BOOK REVIEW: Cobain: Montage Of Heck, Based On The Acclaimed Documentary Film (2015)
Authors: Brett Morgen with Richard Bienstock
1/2 of a star
This is the accompanying coffee-table book to the most recent Kurt Cobain biopic of the same title, and that a film about Cobain has a coffee-table book should tell you all you need to know about it. But just in case you’re the kind of scum inclined to spend fifty bucks on a Nirvana conversation piece, let’s look closer.
Montage Of Heck, for all it was a portrait of the myth rather than the man, was glorious. Lavishly animated and assembled with intimate words from Cobain’s closest, it did exactly what it set out to do: paint a victim as a martyr, a sad little sensitive unappreciative jesus man as the godchild walking. It was an assault of image, sound and trigger; you could see it ripple through people briefly, as Cobain rose once again onto the tongues of your peers. It’s a powerful film. And a lie, yeah. But powerful nonetheless.
Cobain: Montage Of Heck, Based On The Acclaimed Documentary Film on the other hand, well. Straight off the bat you suspect that last sentence was part of the cover before the film was even released. Further suspicion comes in the form of the promotional blurb:
“… It is the ultimate book for fans of Nirvana, whose popularity continues to endure, and of Kurt, who remains a fascinating icon of popular culture…”
It appears the PR department never heard of either Nirvana or Cobain, raising further questions, but more importantly let’s recall that Kurt Cobain’s diaries were published in 2002. But no, this self-righteous spin-off is the ultimate book, yeah, I see it, suure.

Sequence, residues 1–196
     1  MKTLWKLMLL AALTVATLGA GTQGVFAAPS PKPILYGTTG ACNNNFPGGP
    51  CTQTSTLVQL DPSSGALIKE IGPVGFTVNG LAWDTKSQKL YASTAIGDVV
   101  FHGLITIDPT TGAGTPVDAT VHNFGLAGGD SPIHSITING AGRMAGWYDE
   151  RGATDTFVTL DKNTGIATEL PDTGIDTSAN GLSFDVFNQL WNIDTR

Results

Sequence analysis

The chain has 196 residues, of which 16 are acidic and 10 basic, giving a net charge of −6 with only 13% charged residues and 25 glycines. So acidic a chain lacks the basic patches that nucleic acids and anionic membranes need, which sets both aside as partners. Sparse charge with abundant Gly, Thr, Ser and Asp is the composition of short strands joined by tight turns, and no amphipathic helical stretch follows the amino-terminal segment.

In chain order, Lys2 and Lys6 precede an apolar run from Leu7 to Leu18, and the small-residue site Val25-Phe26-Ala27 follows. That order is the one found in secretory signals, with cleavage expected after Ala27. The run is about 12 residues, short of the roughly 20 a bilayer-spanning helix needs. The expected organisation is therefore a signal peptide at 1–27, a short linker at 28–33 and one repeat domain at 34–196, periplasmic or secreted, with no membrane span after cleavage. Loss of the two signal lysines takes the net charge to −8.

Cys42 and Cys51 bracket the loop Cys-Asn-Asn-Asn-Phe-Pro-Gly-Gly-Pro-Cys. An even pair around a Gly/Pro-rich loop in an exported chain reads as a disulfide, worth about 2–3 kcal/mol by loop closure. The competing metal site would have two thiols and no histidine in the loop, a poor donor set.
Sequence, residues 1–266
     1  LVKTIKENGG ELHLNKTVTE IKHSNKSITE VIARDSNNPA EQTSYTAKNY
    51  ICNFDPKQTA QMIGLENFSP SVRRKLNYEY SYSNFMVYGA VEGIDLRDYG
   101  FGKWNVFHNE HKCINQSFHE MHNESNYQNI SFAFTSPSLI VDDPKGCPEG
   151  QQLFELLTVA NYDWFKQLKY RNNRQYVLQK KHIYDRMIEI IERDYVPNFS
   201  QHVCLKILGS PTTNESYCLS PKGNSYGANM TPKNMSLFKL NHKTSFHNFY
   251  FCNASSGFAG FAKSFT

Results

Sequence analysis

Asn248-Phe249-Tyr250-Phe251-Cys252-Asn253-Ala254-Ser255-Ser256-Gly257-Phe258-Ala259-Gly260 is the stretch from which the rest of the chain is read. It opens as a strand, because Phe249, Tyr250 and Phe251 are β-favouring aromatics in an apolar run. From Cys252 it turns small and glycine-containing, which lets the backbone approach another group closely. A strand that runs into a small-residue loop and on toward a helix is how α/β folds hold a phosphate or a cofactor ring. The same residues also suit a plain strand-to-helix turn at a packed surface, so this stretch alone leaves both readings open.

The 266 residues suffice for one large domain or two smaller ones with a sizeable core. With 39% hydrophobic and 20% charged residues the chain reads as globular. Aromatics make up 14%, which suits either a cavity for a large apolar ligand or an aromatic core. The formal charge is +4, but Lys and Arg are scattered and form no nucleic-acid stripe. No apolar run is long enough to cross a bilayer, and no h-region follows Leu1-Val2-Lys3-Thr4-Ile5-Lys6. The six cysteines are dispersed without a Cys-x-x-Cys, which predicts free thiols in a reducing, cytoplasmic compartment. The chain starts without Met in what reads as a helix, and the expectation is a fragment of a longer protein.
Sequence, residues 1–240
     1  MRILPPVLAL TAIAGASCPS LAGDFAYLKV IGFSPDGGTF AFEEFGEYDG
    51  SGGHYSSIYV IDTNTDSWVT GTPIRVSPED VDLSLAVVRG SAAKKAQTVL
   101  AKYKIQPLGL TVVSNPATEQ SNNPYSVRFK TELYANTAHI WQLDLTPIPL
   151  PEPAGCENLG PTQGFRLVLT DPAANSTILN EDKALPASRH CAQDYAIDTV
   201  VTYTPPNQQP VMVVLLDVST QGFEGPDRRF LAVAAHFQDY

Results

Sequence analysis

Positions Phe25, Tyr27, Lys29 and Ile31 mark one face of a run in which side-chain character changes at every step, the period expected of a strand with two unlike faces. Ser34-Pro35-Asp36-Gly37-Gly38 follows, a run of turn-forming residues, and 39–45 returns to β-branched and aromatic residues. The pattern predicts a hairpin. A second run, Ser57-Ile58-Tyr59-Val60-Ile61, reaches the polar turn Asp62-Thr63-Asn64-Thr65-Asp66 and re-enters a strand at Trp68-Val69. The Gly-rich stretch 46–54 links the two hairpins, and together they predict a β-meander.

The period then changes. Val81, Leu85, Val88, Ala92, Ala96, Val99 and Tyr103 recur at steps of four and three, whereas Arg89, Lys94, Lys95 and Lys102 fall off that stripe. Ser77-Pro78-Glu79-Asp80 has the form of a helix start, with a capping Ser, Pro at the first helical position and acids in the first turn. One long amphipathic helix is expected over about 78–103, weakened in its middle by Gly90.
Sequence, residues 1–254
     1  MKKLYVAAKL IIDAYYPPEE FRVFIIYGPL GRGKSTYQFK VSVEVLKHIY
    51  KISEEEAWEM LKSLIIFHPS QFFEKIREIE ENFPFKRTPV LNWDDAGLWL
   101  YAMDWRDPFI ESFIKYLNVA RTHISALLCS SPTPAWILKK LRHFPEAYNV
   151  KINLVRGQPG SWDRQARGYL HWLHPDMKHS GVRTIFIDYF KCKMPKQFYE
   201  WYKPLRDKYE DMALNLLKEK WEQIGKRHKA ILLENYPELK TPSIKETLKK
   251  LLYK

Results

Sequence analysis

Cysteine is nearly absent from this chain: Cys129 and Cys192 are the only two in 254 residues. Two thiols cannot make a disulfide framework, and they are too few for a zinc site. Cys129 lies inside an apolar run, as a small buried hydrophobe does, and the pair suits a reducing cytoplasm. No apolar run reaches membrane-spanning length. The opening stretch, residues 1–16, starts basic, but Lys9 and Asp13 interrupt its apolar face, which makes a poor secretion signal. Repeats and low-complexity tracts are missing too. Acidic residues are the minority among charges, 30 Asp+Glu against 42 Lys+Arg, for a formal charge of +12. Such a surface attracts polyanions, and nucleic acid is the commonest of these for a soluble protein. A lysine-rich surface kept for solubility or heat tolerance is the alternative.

Let that set the tone for this book. Cobain: Montage Of Heck is a wreck, a mismatched assembly of stills from the film interspersed with the interviews Morgen took – verbatim. Every clumsy word, edited with a heavy-hand into vague comprehension with ‘he [Kurt]’s and [explanatory fill-ins]. Worst of all, it pulls down the curtains on the film to a sad man with a crippling drug addiction, shuddering through their loved ones’ words with deliberate ignorance and manipulation. Take the man off a cross and he’s just a corpse. This book is a cadaver at best.
Best bit: The introduction by Morgen. Acknowledgement of Tobi Vail’s part of Cobain’s life, absent from the film.
Worst bit: High-res images of warped foetuses care of the artist. Interviews with Cobain’s first girlfriend Tracy Marander, who deserved better.
Richard Moore is easily moved by dead rockstars.
“Cobain: Montage Of Heck, Based On The Acclaimed Documentary Film” by Richard Moore. First published by Pelican Magazine volume 86 edition 7 page 37.